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mclinkin94

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Legally I am a Caucasian male and I can be confused as being a Caucasian. But I am Egyptian, my parents were born in Egypt ( I was born in the United States). Egypt is in Africa, So can I consider myself African American and be a URM? My father actually looks African American. I somewhat do, but I am confused as being of European origin.

Will the Medical School staff have a problem with this-especially the interviewers. My first language was not english-it is arabic and then I learned english and My family is very very poor.

Am I a URM? or Can i be?
 

Hemorrage

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If you look black go for it, it will help.
 
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LizzyM

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Legally I am a Caucasian male and I can be confused as being a Caucasian. But I am Egyptian, my parents were born in Egypt ( I was born in the United States). Egypt is in Africa, So can I consider myself African American and be a URM? My father actually looks African American. I somewhat do, but I am confused as being of European origin.

Will the Medical School staff have a problem with this-especially the interviewers. My first language was not english-it is arabic and then I learned english and My family is very very poor.

Am I a URM? or Can i be?


No. Correct me if I'm wrong butI understand that Egyptians in Egypt do NOT consider them Africans and believe themselves separate from those who live to their south.

Don't think that adcoms don't see through that bull ****.
 

maybemed2013

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No. URM states African American but what they really mean is Black...my friend is Egyptians and she ask my uni medical school (FAU COM) and they told her to check other and type Egyptian.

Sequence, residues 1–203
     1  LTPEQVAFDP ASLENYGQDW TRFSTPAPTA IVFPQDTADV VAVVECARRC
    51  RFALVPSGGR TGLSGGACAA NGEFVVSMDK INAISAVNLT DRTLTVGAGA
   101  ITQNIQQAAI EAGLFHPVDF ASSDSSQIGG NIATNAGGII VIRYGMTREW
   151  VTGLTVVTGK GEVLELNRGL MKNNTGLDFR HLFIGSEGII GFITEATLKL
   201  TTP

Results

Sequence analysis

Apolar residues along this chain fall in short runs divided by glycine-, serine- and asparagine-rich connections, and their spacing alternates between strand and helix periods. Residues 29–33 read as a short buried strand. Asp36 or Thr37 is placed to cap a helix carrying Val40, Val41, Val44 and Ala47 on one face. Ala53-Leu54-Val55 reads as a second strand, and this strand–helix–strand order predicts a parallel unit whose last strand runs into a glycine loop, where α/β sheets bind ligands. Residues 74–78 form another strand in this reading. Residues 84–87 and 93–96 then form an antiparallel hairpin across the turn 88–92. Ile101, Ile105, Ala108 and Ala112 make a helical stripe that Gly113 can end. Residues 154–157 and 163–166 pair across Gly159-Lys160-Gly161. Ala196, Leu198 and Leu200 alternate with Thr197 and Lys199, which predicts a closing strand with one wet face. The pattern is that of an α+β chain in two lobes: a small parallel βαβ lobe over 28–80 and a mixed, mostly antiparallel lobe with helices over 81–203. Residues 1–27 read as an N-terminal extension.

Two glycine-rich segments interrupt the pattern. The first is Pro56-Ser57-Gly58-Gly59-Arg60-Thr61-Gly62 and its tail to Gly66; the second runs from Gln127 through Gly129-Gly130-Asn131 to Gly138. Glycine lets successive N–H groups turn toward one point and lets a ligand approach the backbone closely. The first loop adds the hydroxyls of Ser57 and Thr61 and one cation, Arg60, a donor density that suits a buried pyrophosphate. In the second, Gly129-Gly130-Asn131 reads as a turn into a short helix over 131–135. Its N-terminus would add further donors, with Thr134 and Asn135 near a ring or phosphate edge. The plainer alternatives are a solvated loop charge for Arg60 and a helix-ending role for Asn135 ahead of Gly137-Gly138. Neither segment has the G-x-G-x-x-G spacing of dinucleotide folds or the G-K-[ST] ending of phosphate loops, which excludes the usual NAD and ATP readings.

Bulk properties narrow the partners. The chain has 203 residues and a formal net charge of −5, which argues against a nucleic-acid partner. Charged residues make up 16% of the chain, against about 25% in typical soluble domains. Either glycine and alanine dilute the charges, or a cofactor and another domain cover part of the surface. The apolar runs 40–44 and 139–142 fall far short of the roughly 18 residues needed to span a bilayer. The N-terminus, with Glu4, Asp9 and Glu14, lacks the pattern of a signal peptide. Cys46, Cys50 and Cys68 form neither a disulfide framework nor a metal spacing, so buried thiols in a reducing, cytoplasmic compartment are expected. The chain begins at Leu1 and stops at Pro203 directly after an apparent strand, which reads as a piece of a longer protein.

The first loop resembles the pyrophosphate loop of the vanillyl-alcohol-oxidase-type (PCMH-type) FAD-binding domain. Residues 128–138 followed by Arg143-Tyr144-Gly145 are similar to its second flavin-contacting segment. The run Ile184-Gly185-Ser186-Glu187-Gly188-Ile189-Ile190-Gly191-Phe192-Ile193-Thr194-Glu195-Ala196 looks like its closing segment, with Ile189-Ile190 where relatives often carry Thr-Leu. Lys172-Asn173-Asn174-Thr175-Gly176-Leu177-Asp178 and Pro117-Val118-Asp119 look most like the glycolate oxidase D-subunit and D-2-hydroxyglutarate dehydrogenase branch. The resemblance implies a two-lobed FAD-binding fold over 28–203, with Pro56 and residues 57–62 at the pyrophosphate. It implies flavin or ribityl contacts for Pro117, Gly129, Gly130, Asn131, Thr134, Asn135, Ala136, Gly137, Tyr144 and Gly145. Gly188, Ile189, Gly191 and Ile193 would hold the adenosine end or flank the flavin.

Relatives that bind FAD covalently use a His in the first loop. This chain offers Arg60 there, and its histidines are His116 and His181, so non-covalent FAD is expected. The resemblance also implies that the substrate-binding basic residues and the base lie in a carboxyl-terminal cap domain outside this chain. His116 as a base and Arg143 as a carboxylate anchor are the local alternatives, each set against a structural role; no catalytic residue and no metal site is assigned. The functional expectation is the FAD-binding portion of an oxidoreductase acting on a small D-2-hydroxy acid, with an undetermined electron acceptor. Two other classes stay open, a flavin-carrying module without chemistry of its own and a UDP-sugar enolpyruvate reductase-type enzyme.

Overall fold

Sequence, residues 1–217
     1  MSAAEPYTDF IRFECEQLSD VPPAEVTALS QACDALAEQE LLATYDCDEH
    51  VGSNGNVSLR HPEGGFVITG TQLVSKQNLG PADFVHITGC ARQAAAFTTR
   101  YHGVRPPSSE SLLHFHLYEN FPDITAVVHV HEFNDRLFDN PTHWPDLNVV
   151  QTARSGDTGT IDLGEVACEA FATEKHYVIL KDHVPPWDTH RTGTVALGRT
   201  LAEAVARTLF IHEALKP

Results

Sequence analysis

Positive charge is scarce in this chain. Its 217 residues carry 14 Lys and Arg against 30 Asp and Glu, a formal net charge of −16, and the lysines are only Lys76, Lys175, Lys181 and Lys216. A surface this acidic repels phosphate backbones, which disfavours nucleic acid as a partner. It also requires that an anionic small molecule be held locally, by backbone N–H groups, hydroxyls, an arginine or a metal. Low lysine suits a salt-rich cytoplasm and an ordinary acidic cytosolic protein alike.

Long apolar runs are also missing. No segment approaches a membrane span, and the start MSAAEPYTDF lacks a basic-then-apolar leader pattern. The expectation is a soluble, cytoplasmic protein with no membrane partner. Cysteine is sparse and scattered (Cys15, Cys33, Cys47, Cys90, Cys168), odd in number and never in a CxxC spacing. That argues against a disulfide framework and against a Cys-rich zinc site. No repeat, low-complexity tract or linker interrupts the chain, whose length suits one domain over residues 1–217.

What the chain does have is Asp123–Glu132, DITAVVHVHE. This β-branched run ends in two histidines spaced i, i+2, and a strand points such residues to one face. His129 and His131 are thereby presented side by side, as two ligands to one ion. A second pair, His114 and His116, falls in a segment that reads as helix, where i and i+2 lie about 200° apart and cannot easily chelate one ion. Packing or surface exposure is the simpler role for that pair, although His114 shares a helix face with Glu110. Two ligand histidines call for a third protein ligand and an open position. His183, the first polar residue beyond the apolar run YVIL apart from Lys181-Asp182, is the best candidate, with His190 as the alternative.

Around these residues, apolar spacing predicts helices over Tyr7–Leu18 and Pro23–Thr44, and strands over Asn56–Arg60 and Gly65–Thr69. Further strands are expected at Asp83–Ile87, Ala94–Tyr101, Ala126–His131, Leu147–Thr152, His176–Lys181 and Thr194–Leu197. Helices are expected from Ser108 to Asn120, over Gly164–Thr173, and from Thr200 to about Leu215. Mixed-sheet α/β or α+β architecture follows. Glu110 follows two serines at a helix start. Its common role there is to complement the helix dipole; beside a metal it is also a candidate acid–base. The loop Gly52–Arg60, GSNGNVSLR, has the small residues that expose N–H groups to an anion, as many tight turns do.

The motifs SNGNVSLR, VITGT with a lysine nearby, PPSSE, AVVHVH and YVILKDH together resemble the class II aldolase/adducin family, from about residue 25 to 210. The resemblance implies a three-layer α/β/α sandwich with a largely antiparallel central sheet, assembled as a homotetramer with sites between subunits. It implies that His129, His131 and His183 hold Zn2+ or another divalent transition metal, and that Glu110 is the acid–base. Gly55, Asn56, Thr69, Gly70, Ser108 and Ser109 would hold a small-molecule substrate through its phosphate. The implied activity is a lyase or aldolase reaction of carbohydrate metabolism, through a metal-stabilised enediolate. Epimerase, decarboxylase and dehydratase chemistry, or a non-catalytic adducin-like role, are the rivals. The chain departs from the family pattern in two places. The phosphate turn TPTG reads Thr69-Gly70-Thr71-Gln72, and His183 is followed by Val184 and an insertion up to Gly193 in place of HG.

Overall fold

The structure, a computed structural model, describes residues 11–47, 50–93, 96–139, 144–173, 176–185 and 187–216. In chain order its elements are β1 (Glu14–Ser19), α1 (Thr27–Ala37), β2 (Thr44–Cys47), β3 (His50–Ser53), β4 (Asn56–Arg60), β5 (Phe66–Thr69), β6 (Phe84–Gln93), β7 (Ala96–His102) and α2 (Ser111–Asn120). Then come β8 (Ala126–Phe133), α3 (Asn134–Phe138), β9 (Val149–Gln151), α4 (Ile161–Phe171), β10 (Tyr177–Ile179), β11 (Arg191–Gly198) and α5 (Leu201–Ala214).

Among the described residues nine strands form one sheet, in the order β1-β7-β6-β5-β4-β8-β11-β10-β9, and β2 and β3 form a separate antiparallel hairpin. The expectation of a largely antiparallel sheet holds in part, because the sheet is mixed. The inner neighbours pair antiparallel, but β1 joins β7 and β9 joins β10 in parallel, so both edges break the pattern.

LizzyM

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No. URM states African American but what they really mean is Black...my friend is Egyptians and she ask my uni medical school (FAU COM) and they told her to check other and type Egyptian.

The AMCAS category is African-American/Black. If you are from Canada and Black (yes, there is such a thing) you are Black but not African-American.
 

chiddler

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Is it better to tick caucasian or other/middle-eastern?
 

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Here's a little tip: when it comes to URM, medical schools want to see one of three minorities: Native Americans, Hispanic Americans and blacks. The reason behind this is clear: these minorities are more likely to provide their services to their ethnic communities. Correct me if I'm wrong, but there is not a large Egyptian community in this country that you feel emotionally bonded to and wish to serve exclusively as a doctor.

Take a look at the bigger picture.